Putting security capabilities front and center also positions the MDM as an industry leader and provides a competitive advantage compared to other companies that are lagging behind on their security measures.
Finally, promoting security values in marketing programs shows that these manufacturers are listening to the voices of customers and finding solutions to their concerns.
This is a sure way to long-term loyalty. By following these ideas, security can be treated as a core business pillar that contributes to the product’s ROI, instead of a painful line in the budget.
This is not just a thought experiment. A leading healthcare manufacturer I worked with was able to increase sales by 15%-20% annually in 2020, thanks to marketing campaigns that highlighted the data safety capabilities of its devices.
The Next Steps In Your Medical Device Security Business Plan
Building a go-to-market product security campaign is a company-wide effort that includes stakeholders from multiple departments. Here’s how to get this groundbreaking initiative up and running.
1) Mapping: Start by conducting an inventory count of your products and features. Include details about which security measures are in place and their effectiveness. You might already have this in place from when you built your security plan.
2) Identification: Identify your security strengths and create a list of successfully secured features, like maintaining data confidentiality and integrity or securing API calls. This list will be leveraged to empower the business.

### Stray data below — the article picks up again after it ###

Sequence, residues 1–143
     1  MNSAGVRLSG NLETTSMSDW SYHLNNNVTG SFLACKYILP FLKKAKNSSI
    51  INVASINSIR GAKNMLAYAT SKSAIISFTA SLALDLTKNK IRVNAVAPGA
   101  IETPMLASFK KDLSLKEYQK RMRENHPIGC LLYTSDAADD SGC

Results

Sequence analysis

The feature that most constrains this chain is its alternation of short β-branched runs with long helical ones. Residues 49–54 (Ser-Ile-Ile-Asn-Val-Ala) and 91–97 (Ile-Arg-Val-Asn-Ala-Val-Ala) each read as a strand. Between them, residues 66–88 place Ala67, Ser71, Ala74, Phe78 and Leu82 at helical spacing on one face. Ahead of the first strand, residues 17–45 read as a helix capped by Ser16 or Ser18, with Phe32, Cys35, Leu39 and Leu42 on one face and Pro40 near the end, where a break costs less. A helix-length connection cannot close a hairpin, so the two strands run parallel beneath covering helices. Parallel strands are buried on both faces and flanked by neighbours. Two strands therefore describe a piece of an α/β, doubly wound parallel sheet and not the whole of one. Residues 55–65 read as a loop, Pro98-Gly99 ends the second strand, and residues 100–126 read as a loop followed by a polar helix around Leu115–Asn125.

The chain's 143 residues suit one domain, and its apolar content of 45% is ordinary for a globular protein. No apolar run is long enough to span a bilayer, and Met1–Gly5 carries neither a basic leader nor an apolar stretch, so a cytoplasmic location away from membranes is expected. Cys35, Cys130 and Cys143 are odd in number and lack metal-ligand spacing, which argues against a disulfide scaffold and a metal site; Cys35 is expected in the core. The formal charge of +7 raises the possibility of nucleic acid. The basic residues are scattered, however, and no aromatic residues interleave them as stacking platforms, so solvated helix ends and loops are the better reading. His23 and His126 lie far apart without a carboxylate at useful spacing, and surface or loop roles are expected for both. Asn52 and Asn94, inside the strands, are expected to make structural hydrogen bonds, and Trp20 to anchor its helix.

3) Prioritization: Prioritize the list according to the positive impact these features will have on the business and patient well-being. When prioritizing, include feedback you’ve heard from customers about how security helps them feel safe. These capabilities will be communicated to your customers as part of your product positioning in the market.
4) Go-To-Market Strategy: Connect with sales and marketing and share your findings. Work together to build a strategy for promoting security features to your customers. Track results for at least three months.
5) Integration Of Product Security Into The Development Process: Following a successful campaign, leverage the ROI to introduce new policies and processes into preproduction and postproduction. Shift left security by integrating into the SDLC or your CI/CD pipelines. Then validate your SBOM and run a binary analysis. Finally, to detect and remediate vulnerabilities, analyze the OSS code and commercial packages engineering is using. After production, continuously monitor threats over time and respond to incidents immediately through your security operations center. In addition to raising brand awareness, these actions will also help reduce time to market.
By making security a joint marketing and sales activity, security teams can deliver positive ROI and make it a key component in the business strategy. Security advocates will be coming from product, marketing, sales and customer success teams to help leverage security for what it truly is — a strong enabler for business.